The Joule Thompson Coefficient constant enthalpy process

Equation (4.9) shows that flow of a fluid through a device that exchanges neither heat nor work with the surroundings and involves negligible kinetic energy changes proceeds without change in enthalpy. Valves, porous plugs, and orifices inserted into flow lines are examples of devices through which the flow is isenthalpic. Even though the enthalpies upstream and downstream of such devices are equal, the pressures are not. In fact, the main practical purpose of these devices is to produce an abrupt reduction in pressure, and for refrigerators, of temperature as well. For this reason, they are called throttling devices.

If the fluid is a gas, the change in temperature across the device may be positive, negative, or zero, depending on the equation of state and the upstream temperature. The partial derivative (dT/dp)h representing this process is called the Joule-Thompson coefficient. If the gas is ideal, no change in temperature occurs because the enthalpy is constant.

The relation between the Joule-Thompson coefficient and the equation of state is obtained from Eq (6.22b) by dividing by dp while holding h constant:

This equation is the enthalpy analog of Eq (6.30). It is obtained from the latter by exchanging p for v and h for u.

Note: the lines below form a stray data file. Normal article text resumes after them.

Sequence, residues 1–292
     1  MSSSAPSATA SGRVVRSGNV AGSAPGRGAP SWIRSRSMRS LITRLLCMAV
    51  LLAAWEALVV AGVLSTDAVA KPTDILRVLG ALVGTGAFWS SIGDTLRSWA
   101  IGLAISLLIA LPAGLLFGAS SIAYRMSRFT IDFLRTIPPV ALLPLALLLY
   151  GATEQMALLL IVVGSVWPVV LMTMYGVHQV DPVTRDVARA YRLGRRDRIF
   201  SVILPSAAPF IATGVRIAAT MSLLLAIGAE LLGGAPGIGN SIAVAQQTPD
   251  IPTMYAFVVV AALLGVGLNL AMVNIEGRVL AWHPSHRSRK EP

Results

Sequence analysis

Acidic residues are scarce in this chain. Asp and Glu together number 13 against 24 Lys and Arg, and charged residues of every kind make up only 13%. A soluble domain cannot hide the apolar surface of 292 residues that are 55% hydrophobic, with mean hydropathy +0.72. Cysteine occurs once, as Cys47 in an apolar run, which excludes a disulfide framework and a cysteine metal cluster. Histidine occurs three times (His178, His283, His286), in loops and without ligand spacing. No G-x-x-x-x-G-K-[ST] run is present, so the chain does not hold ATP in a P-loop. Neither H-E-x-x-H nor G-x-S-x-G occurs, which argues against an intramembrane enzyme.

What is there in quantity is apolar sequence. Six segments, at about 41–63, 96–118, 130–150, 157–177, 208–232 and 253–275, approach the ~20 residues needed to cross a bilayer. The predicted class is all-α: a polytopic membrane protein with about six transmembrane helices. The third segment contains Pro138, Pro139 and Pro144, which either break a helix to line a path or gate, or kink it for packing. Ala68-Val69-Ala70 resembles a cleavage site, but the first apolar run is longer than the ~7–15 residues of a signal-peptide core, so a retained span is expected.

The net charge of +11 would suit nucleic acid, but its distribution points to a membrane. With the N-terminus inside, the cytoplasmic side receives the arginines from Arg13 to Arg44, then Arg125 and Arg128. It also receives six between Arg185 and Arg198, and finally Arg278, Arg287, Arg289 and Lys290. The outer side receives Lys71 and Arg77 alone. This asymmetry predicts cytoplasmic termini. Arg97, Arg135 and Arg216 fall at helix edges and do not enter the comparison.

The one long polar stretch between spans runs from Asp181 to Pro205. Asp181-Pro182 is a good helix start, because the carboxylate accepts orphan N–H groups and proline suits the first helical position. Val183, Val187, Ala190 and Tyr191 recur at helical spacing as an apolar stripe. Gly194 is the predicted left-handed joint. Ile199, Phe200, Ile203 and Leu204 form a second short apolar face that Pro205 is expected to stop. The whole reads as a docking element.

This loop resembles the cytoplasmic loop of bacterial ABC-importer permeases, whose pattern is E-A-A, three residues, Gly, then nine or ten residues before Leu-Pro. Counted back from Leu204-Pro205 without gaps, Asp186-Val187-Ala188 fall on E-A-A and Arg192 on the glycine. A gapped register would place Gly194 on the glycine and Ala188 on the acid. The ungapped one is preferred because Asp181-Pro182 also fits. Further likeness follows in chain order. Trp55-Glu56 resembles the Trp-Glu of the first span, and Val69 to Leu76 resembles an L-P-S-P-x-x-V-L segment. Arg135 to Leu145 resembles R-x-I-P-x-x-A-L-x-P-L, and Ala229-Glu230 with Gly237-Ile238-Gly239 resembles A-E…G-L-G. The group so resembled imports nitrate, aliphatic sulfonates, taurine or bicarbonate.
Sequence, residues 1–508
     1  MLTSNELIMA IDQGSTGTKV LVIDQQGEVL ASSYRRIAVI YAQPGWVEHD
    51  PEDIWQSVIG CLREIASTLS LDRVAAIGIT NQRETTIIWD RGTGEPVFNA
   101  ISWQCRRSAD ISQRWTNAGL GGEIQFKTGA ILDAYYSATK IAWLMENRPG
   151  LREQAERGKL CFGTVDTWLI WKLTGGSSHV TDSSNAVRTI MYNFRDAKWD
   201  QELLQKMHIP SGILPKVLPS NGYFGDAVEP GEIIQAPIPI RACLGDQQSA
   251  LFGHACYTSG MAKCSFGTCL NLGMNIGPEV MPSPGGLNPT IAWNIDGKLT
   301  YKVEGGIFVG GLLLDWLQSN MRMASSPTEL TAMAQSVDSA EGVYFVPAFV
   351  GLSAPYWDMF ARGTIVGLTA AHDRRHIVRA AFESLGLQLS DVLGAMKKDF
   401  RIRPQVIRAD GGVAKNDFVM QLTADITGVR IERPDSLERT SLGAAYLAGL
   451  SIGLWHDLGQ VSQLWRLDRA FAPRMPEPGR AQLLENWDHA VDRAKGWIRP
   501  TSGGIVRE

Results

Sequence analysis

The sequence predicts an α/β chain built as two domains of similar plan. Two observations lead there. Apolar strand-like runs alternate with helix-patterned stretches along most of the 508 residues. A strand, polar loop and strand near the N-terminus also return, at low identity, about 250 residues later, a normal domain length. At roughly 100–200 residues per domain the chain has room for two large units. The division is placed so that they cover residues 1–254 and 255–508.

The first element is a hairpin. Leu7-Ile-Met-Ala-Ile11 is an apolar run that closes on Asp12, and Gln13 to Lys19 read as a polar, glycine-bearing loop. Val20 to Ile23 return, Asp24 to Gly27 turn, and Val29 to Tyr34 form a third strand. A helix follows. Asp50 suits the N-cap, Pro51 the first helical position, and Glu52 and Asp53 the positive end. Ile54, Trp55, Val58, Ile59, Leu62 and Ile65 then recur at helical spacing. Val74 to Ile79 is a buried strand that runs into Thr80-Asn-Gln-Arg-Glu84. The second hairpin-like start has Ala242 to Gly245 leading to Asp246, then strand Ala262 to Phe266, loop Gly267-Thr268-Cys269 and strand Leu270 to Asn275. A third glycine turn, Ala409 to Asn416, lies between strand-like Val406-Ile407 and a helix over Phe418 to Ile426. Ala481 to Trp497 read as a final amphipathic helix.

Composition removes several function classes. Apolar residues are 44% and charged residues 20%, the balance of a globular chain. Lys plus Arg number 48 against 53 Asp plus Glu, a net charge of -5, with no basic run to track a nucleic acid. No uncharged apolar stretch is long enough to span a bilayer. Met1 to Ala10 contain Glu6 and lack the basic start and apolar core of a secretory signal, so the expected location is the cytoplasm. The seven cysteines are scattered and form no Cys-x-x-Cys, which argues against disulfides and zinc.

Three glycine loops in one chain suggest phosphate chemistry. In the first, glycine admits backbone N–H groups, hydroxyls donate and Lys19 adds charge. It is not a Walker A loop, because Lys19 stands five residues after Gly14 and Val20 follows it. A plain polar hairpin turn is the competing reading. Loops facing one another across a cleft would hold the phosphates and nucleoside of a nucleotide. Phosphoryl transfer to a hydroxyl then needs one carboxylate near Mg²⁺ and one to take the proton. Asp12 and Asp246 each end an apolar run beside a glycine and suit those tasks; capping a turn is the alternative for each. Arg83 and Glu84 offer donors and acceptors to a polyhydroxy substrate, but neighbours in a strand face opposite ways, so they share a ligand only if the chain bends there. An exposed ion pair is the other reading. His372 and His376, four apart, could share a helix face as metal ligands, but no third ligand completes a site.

Example: If N2 at 20oC is reduced in pressure in a throttling device from 10 MPa to 0.1 MPa, what is the temperature change?

The pressure dependence of CP of a nonideal gas is calculated from Eq (6.27). However, this effect is of second order, and it suffices to approximate CP by the ideal gas value: CP = CP0 = 9/2R = 36.4 J/mole-K. Substituting the Van der Waals EOS, Eq (2.5), into Eq (6.31) and using the constants for N2 yields:

The 9.9 MPa pressure drop over the throttling device is accompanied by a 20 OC temperature decrease. Repeating this test at another temperature provides enough data to determine the constants a and b in the Van der Waals EOS.

The pressure dependence of CP of a nonideal gas is calculated from Eq (6.27). However, this effect is of second order, and it suffices to approximate CP by the ideal gas value: CP = CP0 = 9/2R = 36.4 J/mole-K. Substituting the Van der Waals EOS, Eq (2.5), into Eq (6.31) and using the constants for N2 yields:

The 9.9 MPa pressure drop over the throttling device is accompanied by a 20 OC temperature decrease. Repeating this test at another temperature provides enough data to determine the constants a and b in the Van der Waals EOS.

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